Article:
art theft in the phandom
This morning I woke up to several panicked messages from friends letting me know that somebody had tweeted a drawing of mine, claimed that it was their own, and that Phil had ‘liked’ this stolen artwork on twitter:
This person not only had the gall to upload it and suggest that they’d made it, but they also criticised the way I had drawn his face and then accepted compliments from other people, as seen in this screenshot:
This drawing means a lot to me. Ready Player One has been my favourite novel for four years now, and I was thrilled when Phil first mentioned it in one of his liveshows. It’s not a particularly well-known book, and it made me so happy to hear that Phil also enjoyed it.
I spent nine hours on that drawing. Nine hours hunched over that damn graphics tablet with a cramping hand and shoulders. I constantly redrew the pose even though I suck at anatomy because I wanted it to be perfect. I worked right into the early hours of the morning because I didn’t want to stop. I was so excited. I knew that Phil would enjoy this drawing.
The only other time I’ve been noticed by
Dan or Phil was in 2015, when I tweeted another artwork at Phil. He ‘liked’ it
and I almost had a heart attack. It was
an incredible feeling and I wanted to feel that again.
Everybody here knows how difficult it is to be noticed by Dan and Phil. Most people never get it. I was certain that this artwork would be recognised, and I was correct. It just wasn’t in the way that I wanted it to be.
The art thief deleted the tweet after being called out (they haven’t apologised or answered any of my messages yet), and I’ve posted my drawing again in an attempt to have it rightfully credited to me. Despite my best efforts, I doubt that Phil will see it again, or, if he does, I don’t know whether he’ll act. The pride and accomplishment that I felt after completing this drawing has been marred by this shitty, talentless person with low self-esteem and weak ethics. And what happened to me isn’t an isolated incident.
Take, for example, @phantheraglama and @maddox-rider’s constant struggle with people who repost their art. Or when @arctoids and @incaseyouart discovered that their work was traced and used in Dan’s The Urge video. I was there when @pinofs found themselves in a situation similar to mine, when Dan liked a tweet from someone who traced their drawing.
It’s not limited to ‘art’ artists either. Some of my friends, @phansdick, @insanityplaysfics and @crescendohowell have their incredible phanfiction reposted constantly. @moaninghowell, @themostfuniveverhad and @moonlitdan’s edits have been stolen and posted, too. And this isn’t everyone. These are only the people I’m aware of, and the ones who are lucky enough to have had their plight seen by others. There are many, many other artists who don’t have enough followers to be noticed, or who never get the recognition they deserve because the thief has more followers than they do, and anything they say is overshadowed by that.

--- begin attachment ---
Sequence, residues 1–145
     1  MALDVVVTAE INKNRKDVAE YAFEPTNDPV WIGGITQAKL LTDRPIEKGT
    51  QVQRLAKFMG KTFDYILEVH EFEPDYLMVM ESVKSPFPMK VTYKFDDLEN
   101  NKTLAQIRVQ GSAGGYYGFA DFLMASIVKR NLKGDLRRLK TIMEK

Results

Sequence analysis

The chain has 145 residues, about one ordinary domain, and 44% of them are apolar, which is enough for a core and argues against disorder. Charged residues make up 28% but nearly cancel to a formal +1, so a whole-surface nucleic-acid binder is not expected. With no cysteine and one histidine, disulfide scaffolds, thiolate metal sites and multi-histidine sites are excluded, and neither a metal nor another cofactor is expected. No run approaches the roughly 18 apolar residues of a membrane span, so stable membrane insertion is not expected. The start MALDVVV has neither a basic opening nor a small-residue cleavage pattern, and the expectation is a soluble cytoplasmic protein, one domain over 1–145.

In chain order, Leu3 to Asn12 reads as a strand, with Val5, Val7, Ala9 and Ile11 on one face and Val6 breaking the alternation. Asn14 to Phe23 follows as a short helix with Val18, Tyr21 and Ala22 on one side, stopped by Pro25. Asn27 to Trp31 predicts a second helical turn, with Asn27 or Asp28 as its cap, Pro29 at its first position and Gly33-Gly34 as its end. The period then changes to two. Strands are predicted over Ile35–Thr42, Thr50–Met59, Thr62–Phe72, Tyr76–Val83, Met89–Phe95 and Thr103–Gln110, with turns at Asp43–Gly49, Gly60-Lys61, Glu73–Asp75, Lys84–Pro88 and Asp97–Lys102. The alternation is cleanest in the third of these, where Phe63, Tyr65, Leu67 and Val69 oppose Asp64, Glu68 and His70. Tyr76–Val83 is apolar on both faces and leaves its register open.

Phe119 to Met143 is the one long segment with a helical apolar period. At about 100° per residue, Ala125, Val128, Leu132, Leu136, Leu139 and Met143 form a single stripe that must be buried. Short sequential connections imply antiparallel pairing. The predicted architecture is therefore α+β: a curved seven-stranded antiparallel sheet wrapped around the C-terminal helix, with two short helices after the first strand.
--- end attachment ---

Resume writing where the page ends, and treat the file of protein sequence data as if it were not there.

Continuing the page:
After scouring through copyright and code of conduct laws for various social media, I’ve learnt that unfortunately there is nothing you can really do except report the problem and hope that staff are able to delete the offending post. Since most phan artists don’t actually legally buy a copyright, we are completely reliant on the decency of others to prevent art theft from occurring. Most of the phandom is great and works to support artists, but unfortunately, the bad eclipses the good. The ‘good’ majority is irrelevant when there are ‘bad’ people out there, doing bad things.
So how do you stop this from happening? You can’t. There are, however, ways to make it harder for people to actually steal your art, a lesson I wish I had taken to heart before this happened.
1. Put your watermark in a noticeable place and make it your username, not your actual name. Write it somewhere that has a distinctive pattern or colours that are hard to replicate so that nobody can brush over it easily.
2. Specify in your caption what you’d like done with your art. Every artist is different – some are okay with people reposting their art with credit, others aren’t. Make sure you tell people what you want, as many people repost things with the good intention of getting it more recognition.
3. If all else (including nicely messaging them) fails, report the shit out of the person.
And to anyone who has ever stolen art, know this: Your way of getting recognised by Dan and Phil is crap. Any reblog, like, note or compliment that you get is OURS. None of that goodness is directed to you. You have done nothing but shit on the hard work and achievements of other people. You’re the scum of the phandom.
I think that Vic, from @incaseyouart, phrased it really well: It takes many years to develop a fine skill such as drawing, because to learn is to develop your style by referencing other artists and material. Tracing and reposting someone’s image, and other forms of art theft, are cheap ways of reproducing art. It is plagiarism of great effort. Not only does it steal from the original artist’s feelings of accomplishment and pride over their creation, it also discourages proper skill development. Do not repost, create. Do not steal, learn.
I hope that we can start up a discussion about art theft again. I really don’t want anyone else to go through this stressful and disheartening experience.
Update: The person has apologised and seems to regret what they’ve done. Phil also liked my post on Twitter again! Thanks to everyone who helped, and Phil for seeing the issue and fixing it :) Even though this was a win for me, unfortunately art theft is still a huge issue. Let’s not forget that.